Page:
In spite of its prophetic importance, the earthly nation of Israel is part of the passing world order. One day, like in the case of all nations, national Israel will cease to exist in order to give way to “New Heavens and a New Earth.” (Isaiah 66:22; 2 Peter 3:10; Revelation 21:1) In fact, the “New Jerusalem, will be God’s own heavenly city that descends from the heavens to the new earth… “for the old order of things has passed away.” (Revelation 21:24)

In Christ, there is formed a “new man,” made up of true Israelites that are defined as true believers in the Faith of Abraham (Rom. 9:6-8; Galatians 6:16) and believing Gentiles. (see Ephesians 2:11-22)

This “new man” in Christ is made up of both Israelites and Gentiles who are equal in stature and access before God, because of their faith in Christ. Although in this current world order, there are visible distinctions between Male and Female or Jew and Gentile, from a spiritual perspective (and therefore more real), there are no distinctions before God, besides believers and non-believers. (Galatians 3:26-29; 5:6)

The Church was not “grafted” into the Jews…but rather, unbelieving Jews were cut off from the “Vine” in order that believing Gentiles would be grafted in. (see Romans 11:16-21, 23) The “Vine” is the total body of God’s People from the days of Adam- whether Jew or Gentile. When Christ began his preaching ministry, he never proclaimed that the time for the Kingdom of Israel was at hand, but rather, that the Kingdom of God (or heaven) was at hand. (Mark 1:14-15; 4:11; Matthew 4:17)

The Kingdom of Heaven is for everyone, whether Jew or Gentile. In fact, plenty of Gentiles will be sitting at the heavenly banquet feast with Abraham, Isaac and Jacob. (Matthew 8:11)

The word “Church” can be looked at from two different positions. First, the “Church” is the assembly of God, made up of all who have been “called out” from among the unbelievers to be His special people. This would include all the believers of all times since Adam. Second, the word “Church” is also used for the assembly of God’s people since the ministry of Jesus Christ. Although national Israel is passing away… The Assembly of God, the Church exists forever.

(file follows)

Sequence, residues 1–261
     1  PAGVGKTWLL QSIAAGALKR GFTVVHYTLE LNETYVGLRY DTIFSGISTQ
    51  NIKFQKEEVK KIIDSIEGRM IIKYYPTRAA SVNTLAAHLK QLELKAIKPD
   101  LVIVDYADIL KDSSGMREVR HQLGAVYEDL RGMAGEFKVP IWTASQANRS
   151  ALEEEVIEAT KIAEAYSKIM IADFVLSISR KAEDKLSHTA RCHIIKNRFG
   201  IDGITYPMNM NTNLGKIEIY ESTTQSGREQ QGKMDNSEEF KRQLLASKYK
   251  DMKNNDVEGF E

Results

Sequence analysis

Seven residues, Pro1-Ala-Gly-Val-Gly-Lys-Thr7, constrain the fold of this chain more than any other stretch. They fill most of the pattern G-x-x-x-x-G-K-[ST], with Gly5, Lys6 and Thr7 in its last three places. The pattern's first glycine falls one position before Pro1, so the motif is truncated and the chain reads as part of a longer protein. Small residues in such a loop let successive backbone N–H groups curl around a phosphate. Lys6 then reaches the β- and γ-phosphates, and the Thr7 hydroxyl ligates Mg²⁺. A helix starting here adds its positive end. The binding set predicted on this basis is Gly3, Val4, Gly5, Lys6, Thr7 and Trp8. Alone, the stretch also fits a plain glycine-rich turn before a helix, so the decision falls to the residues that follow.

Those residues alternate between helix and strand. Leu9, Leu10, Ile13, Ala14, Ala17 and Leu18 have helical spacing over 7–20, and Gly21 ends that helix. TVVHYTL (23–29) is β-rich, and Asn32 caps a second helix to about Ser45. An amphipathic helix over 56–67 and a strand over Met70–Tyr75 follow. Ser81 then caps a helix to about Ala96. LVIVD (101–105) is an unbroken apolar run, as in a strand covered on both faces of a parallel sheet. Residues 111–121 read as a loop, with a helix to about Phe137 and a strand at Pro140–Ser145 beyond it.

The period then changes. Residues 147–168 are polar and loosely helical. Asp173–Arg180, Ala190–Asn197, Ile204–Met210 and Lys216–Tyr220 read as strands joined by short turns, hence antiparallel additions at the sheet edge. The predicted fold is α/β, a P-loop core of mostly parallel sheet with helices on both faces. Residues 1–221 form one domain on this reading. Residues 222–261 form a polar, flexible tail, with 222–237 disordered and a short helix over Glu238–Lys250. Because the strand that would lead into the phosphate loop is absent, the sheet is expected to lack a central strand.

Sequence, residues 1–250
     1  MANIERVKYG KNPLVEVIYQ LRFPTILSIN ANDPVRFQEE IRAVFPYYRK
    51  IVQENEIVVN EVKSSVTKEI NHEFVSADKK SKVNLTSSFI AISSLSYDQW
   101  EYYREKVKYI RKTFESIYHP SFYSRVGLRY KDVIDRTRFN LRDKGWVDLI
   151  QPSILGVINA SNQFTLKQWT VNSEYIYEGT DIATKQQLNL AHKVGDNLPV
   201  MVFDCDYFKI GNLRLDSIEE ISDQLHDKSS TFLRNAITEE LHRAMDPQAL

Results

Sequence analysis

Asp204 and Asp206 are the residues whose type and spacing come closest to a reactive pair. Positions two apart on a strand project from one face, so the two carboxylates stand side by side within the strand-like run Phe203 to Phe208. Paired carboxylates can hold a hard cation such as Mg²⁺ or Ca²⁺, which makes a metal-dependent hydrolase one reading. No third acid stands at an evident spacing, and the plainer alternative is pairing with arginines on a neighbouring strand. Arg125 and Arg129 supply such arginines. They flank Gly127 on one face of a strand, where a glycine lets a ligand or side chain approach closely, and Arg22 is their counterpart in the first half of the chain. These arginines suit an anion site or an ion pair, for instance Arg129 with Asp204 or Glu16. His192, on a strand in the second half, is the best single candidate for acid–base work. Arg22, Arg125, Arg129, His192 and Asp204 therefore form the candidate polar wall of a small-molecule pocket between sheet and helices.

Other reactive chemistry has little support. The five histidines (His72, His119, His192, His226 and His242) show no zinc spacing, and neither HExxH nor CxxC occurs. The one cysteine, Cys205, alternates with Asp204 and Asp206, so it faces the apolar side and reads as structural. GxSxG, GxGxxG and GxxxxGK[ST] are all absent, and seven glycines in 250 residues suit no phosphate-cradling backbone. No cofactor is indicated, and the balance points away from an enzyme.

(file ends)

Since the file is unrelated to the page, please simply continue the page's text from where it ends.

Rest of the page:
…and this, made up of both believing Jews and Gentiles. (Revelation 7)

While we live in this age, both Gentiles and Jews (the Nations and Israel) have prophetic importance. But ultimately, the only thing that matters is Christ, the true Israel… which himself is made up of Jews and Gentiles. Christ is reAnywherestoring all things and subjecting them to God the Father. (1 Cor.15:24-28)

An adherence to “Replacement Theology” denies the prophetic relevancy of both Israel and the Gentile Nations, and steals the promises that are meant to be fulfilled within the context of the Gentile Nations; misapplying them to the Church.

A staunch adherence to Amillennialism is dangerous, because it places the traditions of men above the full counsel of God’s Word. In fact, a staunch adherence to Amillennialism would not only trample prophecies such as Zechariah 14:16-21; but also trample the very essence of Evangelical Lutheranism, which is “Sola Scriptura.” Rather than bending the Word to our idiosyncrasies, let us challenge one another to yield our thinking to the literal sense of Scripture, wherever it is coherent. Since 1948, it is incoherent to believe that National Israel has no prophetic value. God’s Word will be fulfilled.

Glory to Jesus Christ! Glory forever.